And anybody listening to this: You know this, I know this. We’re all out in the world, we’re on Facebook, we’re on Twitter, we’re on Instagram. We see all the content that’s being created. And it’s increasingly difficult to break through. And to me that means you really need to step back and ask: What are we doing to move the needle here?

Bigger, Bolder, Braver

We need to have a great story we’re telling. We need to align around that bigger story we’re telling. And we need to be a little bit bolder in the story we’re telling. We need to think about how we’re going to break through. We need to tell a story that hits on specific challenges that your audience has, but that nobody else is talking about in the right way for that certain audience. And I think we need to have that gutsier, braver tone of voice.

So those three things ‒ bigger, bolder and braver ‒ are all things I think can be a differentiator for a company from a quality point of view. The quantity piece, you sort of have to figure out on your own. I mean, it’s sort of like you need to be doing enough to engage the audience, but not too much to overwhelm them. And that answer is gonna be different for everybody out there. But in my mind, you need to focus on quality first and foremost, and then figure out cadence.

If you’re producing content your audience does not care about, then that’s why they’re not engaging with it. They’re not engaging with it, not because it’s too long or because it’s requiring too much of them, but because it’s not meeting their needs.

What is the Role of Content Marketing?

Michelle: At Act-On, we use a framework we call Brand, Demand, Expand and [talk about] how you market from the awareness stage through demand and the sale to when your prospects are now customers and how you keep and grow their business. How does content marketing fit in?

Ann: I think there’s a temptation to think about content marketing only as a top-of-funnel approach. But it’s not that. Somebody asked me a question not too long ago: “What do you think the future of content marketing is?” And I said, “I think that it’s not content marketing … it’s marketing.”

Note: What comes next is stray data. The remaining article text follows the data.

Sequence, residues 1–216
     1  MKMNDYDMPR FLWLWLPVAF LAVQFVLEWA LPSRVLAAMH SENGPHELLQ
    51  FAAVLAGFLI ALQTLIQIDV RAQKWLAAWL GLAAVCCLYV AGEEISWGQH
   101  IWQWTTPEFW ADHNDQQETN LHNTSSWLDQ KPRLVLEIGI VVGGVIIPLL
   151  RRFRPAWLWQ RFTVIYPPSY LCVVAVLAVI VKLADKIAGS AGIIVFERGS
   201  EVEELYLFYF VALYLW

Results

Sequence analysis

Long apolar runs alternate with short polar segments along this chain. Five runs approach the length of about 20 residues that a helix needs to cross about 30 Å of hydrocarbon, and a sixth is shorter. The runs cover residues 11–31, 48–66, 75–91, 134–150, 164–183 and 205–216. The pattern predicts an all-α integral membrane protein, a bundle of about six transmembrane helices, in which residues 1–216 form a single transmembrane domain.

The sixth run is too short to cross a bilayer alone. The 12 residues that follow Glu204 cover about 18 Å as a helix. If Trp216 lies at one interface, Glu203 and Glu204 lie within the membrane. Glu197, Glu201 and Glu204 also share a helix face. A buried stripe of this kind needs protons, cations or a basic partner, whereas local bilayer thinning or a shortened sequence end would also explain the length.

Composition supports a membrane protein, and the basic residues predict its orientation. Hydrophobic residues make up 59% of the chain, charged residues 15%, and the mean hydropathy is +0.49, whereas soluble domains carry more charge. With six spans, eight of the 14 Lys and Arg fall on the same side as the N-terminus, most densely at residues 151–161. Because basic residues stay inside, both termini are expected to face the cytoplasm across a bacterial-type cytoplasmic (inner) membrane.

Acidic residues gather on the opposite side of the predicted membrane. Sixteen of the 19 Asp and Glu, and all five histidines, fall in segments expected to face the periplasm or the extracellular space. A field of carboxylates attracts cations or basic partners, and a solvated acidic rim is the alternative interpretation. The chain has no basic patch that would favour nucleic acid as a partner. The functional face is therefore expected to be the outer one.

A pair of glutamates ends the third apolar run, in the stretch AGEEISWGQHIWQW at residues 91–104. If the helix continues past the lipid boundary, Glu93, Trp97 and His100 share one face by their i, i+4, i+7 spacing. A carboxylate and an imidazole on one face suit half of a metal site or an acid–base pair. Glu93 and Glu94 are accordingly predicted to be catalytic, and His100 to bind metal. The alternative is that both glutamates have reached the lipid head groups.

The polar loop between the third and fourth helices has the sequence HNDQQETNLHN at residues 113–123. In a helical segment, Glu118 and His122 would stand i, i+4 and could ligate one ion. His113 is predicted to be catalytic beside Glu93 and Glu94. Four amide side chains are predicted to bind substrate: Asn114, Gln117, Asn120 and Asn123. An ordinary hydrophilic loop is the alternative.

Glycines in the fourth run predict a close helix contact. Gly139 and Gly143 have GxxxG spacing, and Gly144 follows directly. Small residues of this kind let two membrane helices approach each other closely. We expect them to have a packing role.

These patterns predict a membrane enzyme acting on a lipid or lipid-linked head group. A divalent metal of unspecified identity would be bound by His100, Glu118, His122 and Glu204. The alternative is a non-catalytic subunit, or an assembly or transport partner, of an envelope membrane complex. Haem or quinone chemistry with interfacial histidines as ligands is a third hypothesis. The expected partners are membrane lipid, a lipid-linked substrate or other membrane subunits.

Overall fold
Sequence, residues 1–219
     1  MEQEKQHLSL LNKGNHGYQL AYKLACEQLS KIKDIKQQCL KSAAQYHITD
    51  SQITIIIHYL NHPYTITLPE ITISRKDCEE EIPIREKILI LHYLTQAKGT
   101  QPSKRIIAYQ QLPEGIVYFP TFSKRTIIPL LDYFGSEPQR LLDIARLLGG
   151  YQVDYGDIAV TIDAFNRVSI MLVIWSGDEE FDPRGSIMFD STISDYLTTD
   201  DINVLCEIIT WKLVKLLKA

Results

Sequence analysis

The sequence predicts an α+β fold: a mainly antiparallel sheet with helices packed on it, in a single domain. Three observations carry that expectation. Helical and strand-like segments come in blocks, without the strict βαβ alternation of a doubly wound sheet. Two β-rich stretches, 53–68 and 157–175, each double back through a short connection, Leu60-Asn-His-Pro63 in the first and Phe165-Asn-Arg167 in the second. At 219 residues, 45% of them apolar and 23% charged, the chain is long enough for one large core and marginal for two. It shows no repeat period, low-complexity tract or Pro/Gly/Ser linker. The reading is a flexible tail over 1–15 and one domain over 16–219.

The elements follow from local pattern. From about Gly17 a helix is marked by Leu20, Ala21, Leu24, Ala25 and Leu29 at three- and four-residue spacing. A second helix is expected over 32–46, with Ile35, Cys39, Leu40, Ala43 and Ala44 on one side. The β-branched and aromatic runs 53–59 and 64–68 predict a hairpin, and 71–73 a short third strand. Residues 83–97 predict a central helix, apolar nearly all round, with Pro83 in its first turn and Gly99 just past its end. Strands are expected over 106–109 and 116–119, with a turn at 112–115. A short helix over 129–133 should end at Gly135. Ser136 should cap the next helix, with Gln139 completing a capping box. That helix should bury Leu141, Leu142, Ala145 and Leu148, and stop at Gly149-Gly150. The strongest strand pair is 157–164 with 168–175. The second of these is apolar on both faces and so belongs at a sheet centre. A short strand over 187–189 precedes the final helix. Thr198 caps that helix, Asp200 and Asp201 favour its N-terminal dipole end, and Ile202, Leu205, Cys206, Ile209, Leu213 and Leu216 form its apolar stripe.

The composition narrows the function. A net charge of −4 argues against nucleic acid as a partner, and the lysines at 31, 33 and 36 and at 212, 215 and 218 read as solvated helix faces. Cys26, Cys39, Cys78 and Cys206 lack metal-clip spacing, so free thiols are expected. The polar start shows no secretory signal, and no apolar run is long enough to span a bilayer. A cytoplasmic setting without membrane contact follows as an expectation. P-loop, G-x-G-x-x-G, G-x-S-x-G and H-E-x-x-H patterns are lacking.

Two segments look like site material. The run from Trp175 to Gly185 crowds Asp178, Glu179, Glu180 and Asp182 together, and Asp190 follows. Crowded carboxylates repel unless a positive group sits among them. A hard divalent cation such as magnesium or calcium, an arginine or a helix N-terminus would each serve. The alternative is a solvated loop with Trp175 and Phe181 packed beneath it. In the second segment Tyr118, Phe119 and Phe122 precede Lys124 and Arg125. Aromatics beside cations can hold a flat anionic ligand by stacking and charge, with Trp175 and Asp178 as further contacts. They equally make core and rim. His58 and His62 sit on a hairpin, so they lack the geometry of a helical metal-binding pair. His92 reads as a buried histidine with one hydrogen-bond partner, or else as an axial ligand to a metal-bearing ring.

I think with the notion of Brand, Demand, Expand, content is inherent in all aspects of that because content is sort of integral to all aspects of starting a relationship with a customer, nurturing that relationship, and then furthering that relationship. So, content to me is not some sort of special thing that’s siloed over here in some corner of the office. Instead, it’s integrated throughout the entire ecosystem of marketing. It’s integrated throughout the entire business, really.

I don’t see content as: This is what we use on social media. Instead, it’s everything. If you’ve ever seen me speak, I sometimes will show a graphic of a scene from The Lion King where Mufasa is sitting there with little baby Simba, and looking out over their kingdom, and he says: “Everything the light touches is content, my son.” And sometimes I will sing that moment from The Lion King. I’ll just belt it out on stage.

But I think that’s absolutely true. Everything our customer touches is content. Everything that expresses any aspect of our business is content. Everything that extends our brand is content. It’s not just the thing we in the marketing space tend to only think of as content, like the things we own ‒ things like the brand or the FAQ page. It’s everything. It’s the product page, it’s your social channels, it’s the minute that anybody picks up a brochure anywhere. All of those things. It’s everything.

How Do You Use Content Marketing to Differentiate?

Michelle: How do you think you should use content to succinctly differentiate yourself from your competitors? Because you’re trying to drive these things, but you want to make sure. How do you be bolder? How do you have that voice? How are you thinking about using that content differently?